A typical patient who seeks care from an oral medicine provider has conditions like dry-mouth, burning mouth sensations, bad taste, ulcerations that don't resolve easily or oral cancer. Sometimes the patient is seen by several other health care providers before getting a proper diagnosis and successful treatment. If this process could be improved, the patient would gain relief sooner and might even save some money.

Unexpected problems

The American Academy of Oral Medicine (AAOM) is on a mission to educate patients and physicians on the types of oral issues that present themselves in the examination room to improve management of complex medical conditions. Dr. Wendy Hupp, current president of AAOM, is Associate Professor of Oral Medicine at the University of Louisville School of Dentistry in Kentucky.

"My first patient today was a 50-year-old woman with the complaint of dental pain 'all-over' her mouth,” said Dr. Hupp. “She had recently been diagnosed with chronic obstructive pulmonary disease. Along with her hypertension, diabetes and allergies, her physician had started her on some new medications to help with her breathing. A dental student was currently treating her cavities and missing teeth, but the patient was still suffering. It turns out that her medications had totally altered the amount and quality of her saliva, causing the development of new cavities faster than they could be filled. I was able to help the patient process what was happening and work with the dental student to come up with additional treatment options.”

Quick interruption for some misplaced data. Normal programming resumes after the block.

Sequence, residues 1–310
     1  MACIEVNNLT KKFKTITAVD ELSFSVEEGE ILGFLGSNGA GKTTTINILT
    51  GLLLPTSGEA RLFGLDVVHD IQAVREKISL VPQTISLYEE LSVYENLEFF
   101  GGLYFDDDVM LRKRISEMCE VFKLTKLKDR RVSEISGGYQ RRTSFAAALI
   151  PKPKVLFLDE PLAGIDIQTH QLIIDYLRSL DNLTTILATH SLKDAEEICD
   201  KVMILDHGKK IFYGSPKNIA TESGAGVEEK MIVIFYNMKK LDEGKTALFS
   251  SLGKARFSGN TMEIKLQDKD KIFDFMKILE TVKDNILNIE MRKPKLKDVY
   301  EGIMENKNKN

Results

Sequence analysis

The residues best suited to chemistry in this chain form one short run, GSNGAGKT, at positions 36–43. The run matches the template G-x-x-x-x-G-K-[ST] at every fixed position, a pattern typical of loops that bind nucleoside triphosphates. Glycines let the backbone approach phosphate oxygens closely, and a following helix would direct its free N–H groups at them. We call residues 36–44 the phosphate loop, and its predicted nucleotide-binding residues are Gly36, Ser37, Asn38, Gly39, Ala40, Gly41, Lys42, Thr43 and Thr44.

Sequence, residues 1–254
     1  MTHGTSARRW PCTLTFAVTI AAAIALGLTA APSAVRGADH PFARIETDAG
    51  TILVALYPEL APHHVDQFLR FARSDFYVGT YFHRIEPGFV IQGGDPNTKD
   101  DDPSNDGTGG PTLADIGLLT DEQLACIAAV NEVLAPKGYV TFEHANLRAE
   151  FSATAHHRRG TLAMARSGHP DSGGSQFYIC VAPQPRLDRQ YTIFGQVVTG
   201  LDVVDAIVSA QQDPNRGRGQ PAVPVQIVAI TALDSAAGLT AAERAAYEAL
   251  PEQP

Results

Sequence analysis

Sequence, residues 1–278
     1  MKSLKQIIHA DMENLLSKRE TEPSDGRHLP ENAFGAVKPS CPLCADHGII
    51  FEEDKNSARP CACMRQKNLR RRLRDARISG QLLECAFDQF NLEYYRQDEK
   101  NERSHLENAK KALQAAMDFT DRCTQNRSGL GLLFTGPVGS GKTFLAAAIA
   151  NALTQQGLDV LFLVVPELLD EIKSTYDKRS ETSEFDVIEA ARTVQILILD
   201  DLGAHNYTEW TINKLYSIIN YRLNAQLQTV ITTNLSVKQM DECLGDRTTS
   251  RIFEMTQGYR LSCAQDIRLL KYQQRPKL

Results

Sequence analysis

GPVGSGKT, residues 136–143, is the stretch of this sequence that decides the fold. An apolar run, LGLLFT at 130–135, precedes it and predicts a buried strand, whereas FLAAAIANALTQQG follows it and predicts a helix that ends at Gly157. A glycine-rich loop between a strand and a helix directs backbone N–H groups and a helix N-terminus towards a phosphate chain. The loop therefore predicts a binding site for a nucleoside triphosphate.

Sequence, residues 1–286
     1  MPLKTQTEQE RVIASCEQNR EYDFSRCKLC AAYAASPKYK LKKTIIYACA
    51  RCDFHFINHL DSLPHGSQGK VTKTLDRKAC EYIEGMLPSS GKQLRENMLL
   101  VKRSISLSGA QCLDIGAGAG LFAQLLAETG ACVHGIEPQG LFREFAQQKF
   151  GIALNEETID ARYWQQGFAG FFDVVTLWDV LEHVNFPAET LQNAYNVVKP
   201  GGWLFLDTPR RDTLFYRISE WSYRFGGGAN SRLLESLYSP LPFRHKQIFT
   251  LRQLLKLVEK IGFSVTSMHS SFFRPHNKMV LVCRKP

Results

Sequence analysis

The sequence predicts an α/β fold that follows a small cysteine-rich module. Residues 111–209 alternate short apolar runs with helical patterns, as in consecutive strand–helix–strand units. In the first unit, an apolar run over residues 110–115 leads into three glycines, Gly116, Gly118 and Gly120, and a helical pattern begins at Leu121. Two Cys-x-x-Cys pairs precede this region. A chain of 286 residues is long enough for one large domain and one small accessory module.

Anticipating solutions

Dr. Hupp provides continuing education for physicians and nurse practitioners on topics such as oral manifestations of medications prescribed to patients for common medical problems locally and through AAOM. "Our Academy gathers twice each year to share cutting-edge scientific findings as well as provide a review of oral medicine principles to interested providers," Hupp continues. "Our 2017 meeting is in April in Orlando and we expect to have attendees from around the world.”

More information for practitioners and patients can be found at www.aaom.com.